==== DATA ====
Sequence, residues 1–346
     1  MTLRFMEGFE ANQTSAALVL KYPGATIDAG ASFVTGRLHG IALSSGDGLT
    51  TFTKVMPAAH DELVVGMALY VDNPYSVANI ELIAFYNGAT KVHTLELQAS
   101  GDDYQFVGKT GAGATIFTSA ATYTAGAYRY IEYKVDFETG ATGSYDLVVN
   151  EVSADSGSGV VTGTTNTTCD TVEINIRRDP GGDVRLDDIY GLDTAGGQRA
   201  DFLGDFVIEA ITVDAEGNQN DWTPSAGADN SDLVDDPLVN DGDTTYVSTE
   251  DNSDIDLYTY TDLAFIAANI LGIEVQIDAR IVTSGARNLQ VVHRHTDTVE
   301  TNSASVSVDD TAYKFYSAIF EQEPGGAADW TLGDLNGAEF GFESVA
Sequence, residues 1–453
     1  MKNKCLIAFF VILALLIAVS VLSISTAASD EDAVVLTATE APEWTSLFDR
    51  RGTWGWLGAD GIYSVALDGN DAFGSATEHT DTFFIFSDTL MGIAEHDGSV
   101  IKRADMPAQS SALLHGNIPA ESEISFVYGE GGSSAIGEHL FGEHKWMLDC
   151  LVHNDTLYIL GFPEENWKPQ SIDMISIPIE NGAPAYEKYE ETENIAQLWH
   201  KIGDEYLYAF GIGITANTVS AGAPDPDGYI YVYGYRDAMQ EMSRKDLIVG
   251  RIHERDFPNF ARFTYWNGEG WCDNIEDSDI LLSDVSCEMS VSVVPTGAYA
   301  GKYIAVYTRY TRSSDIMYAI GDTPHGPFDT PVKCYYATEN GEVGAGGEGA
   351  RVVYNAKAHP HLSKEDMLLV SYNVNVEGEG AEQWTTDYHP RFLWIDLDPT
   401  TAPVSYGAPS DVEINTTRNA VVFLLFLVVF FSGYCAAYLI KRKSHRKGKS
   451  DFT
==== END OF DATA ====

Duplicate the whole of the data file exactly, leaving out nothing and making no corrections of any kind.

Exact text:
Sequence, residues 1–346
     1  MTLRFMEGFE ANQTSAALVL KYPGATIDAG ASFVTGRLHG IALSSGDGLT
    51  TFTKVMPAAH DELVVGMALY VDNPYSVANI ELIAFYNGAT KVHTLELQAS
   101  GDDYQFVGKT GAGATIFTSA ATYTAGAYRY IEYKVDFETG ATGSYDLVVN
   151  EVSADSGSGV VTGTTNTTCD TVEINIRRDP GGDVRLDDIY GLDTAGGQRA
   201  DFLGDFVIEA ITVDAEGNQN DWTPSAGADN SDLVDDPLVN DGDTTYVSTE
   251  DNSDIDLYTY TDLAFIAANI LGIEVQIDAR IVTSGARNLQ VVHRHTDTVE
   301  TNSASVSVDD TAYKFYSAIF EQEPGGAADW TLGDLNGAEF GFESVA
Sequence, residues 1–453
     1  MKNKCLIAFF VILALLIAVS VLSISTAASD EDAVVLTATE APEWTSLFDR
    51  RGTWGWLGAD GIYSVALDGN DAFGSATEHT DTFFIFSDTL MGIAEHDGSV
   101  IKRADMPAQS SALLHGNIPA ESEISFVYGE GGSSAIGEHL FGEHKWMLDC
   151  LVHNDTLYIL GFPEENWKPQ SIDMISIPIE NGAPAYEKYE ETENIAQLWH
   201  KIGDEYLYAF GIGITANTVS AGAPDPDGYI YVYGYRDAMQ EMSRKDLIVG
   251  RIHERDFPNF ARFTYWNGEG WCDNIEDSDI LLSDVSCEMS VSVVPTGAYA
   301  GKYIAVYTRY TRSSDIMYAI GDTPHGPFDT PVKCYYATEN GEVGAGGEGA
   351  RVVYNAKAHP HLSKEDMLLV SYNVNVEGEG AEQWTTDYHP RFLWIDLDPT
   401  TAPVSYGAPS DVEINTTRNA VVFLLFLVVF FSGYCAAYLI KRKSHRKGKS
   451  DFT